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Your Mileage Will Vary

This might seem like some "fine print," but it isn't really: It is distinctly possible that you will get nothing useful out of this blog.

Everyone is different.  We all have different talents and shortcomings, different wishes and fears.  And this is fantastic, because this is the root of the diversity that will hopefully keep humanity growing as a culture for a very, very long time.



So why should you believe me when I write that tool X or method Y will help get and keep you organized?  You shouldn't!

There is no silver bullet to issues like personal productivity.  What works for me won't necessarily work for you, and vice versa.  There's no way around it.  And you should run away screaming from anyone who tells you they've found a globally relevant way to improve personal productivity, cuz they're just trying to fool you.

People's brains are all different, so one size very definitely does not fit all - et vive la difference!

Since I recognize and admit this, it would be silly to focus only on specific methods and tools that I think will help the personal productivity of others, because I cannot possibly be right for everyone.  Of course, I will write about methods and tools that I think are particularly useful - in the hope that some others may find them useful too - but I'm also going to write about the meta-level - the more abstract level in which you ask yourself questions, and their answers will tell you which methods and tools work best for you.  I can't read your mind, but I can help you learn to know your own mind.

So you're going to find a lot of questions in my posts, questions directed at you.  Questions that I've asked myself too.  They're the questions that have made me think about how and why I try to keep myself organized, and how I've gone about trying to organize myself.

A lot of the stuff in this blog will have to do with my own answers to those questions - the solutions that have worked for me.  But you're different.  So if my solutions don't work for you, hopefully you can use the questions themselves to come up with your own solutions.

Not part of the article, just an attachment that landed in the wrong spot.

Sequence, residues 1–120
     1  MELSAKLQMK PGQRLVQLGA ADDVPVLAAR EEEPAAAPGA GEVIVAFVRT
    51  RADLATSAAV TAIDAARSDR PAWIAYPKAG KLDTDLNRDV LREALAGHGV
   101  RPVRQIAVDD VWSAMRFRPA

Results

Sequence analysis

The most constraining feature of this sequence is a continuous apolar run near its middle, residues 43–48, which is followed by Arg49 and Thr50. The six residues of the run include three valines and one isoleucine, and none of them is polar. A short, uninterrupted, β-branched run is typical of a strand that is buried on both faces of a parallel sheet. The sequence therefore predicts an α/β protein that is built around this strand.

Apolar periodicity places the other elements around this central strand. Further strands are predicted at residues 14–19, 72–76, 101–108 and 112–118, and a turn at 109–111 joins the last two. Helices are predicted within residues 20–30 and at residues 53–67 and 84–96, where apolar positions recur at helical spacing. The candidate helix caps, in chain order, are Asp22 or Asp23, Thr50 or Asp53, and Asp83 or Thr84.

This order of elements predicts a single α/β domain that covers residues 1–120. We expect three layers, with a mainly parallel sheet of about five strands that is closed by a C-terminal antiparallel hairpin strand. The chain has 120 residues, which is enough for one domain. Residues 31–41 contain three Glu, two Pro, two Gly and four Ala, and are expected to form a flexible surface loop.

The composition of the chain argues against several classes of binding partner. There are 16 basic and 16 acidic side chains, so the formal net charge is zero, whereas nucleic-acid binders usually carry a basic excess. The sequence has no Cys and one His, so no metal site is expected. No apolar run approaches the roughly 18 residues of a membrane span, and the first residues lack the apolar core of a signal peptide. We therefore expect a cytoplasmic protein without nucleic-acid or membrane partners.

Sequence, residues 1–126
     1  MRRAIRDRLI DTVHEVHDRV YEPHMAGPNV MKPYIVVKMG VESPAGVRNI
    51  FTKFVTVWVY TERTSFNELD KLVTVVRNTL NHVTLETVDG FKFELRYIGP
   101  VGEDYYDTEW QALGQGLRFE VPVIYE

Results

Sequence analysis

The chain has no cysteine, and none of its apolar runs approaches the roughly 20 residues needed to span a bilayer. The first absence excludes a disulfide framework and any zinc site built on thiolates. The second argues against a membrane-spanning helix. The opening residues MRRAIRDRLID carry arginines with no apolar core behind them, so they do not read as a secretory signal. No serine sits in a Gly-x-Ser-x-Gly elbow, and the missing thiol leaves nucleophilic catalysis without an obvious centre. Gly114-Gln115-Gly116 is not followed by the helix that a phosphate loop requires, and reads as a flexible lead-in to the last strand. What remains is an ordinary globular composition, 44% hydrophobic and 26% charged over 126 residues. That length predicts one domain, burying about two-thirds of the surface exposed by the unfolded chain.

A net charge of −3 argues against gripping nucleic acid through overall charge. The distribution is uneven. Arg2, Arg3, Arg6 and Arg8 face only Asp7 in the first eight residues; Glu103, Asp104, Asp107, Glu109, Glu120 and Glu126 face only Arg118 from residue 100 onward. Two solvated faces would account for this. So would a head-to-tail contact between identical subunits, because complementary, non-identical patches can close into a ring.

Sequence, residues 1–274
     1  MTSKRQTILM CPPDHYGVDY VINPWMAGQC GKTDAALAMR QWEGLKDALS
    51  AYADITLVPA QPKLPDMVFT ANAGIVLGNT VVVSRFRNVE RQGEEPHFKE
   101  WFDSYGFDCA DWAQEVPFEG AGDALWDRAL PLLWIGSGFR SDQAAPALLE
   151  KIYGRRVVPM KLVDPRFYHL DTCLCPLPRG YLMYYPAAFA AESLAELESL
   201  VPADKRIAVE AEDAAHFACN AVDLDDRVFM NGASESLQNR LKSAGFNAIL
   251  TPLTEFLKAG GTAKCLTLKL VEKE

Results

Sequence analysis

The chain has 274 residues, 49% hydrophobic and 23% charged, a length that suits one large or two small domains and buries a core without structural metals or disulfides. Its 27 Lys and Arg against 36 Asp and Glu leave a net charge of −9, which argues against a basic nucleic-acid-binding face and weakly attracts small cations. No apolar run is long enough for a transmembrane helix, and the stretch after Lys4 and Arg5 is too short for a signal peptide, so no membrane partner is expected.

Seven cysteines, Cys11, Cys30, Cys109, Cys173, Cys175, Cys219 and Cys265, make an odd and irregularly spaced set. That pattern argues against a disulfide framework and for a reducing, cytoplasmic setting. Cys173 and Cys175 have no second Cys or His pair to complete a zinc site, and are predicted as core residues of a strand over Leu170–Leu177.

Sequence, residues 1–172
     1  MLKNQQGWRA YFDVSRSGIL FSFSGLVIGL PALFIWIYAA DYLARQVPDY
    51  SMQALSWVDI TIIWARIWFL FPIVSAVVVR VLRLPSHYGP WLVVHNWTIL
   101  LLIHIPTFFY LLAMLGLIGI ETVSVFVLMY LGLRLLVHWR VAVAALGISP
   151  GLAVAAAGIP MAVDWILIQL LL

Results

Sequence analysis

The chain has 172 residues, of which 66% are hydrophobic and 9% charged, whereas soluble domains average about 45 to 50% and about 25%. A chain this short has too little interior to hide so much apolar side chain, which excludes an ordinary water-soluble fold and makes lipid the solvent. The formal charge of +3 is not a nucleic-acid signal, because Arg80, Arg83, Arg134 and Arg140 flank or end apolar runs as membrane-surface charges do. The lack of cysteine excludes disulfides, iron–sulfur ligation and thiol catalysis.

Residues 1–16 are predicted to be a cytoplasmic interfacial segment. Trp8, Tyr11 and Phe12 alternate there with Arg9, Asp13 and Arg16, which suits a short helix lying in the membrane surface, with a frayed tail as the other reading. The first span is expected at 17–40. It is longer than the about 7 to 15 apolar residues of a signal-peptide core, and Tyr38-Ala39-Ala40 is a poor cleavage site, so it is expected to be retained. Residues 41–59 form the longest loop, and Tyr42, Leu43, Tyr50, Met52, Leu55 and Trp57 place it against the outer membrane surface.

And I won't mind answering your questions - as best I can - via the comments you can leave on this blog.  I do this out of motivated self-interest: I'm not perfect, and a really good question can lead me to correct my own mistakes.  But also, of course, it might help you too.

Why should you think you need to be any better organized than you already are?  What is it about your life that makes you think you need to be better organized?

Are people just telling you this?  Don't just take their word for it.  Work it out for yourself.  They might be wrong.

Are you missing appointments and deadlines?  This is a matter of discipline.  No method or tool can keep your appointments for you.  You can get software that will ping you when it's time to go places and do things, but then you need discipline to make sure you add all your appointments into it.  Discipline is still needed.  It's always needed.

You don't need to make yourself into a Buddhist monk, though.  All you need is to establish a routine that includes a few minutes where you can, without any rush at all, consider your tasks, appointments, etc. and make sure they're all in order.  I use the time in the subway on the way to work, and while I'm watching TV in bed at night.  It takes me five minutes a day to make sure I've got all my ducks in a row.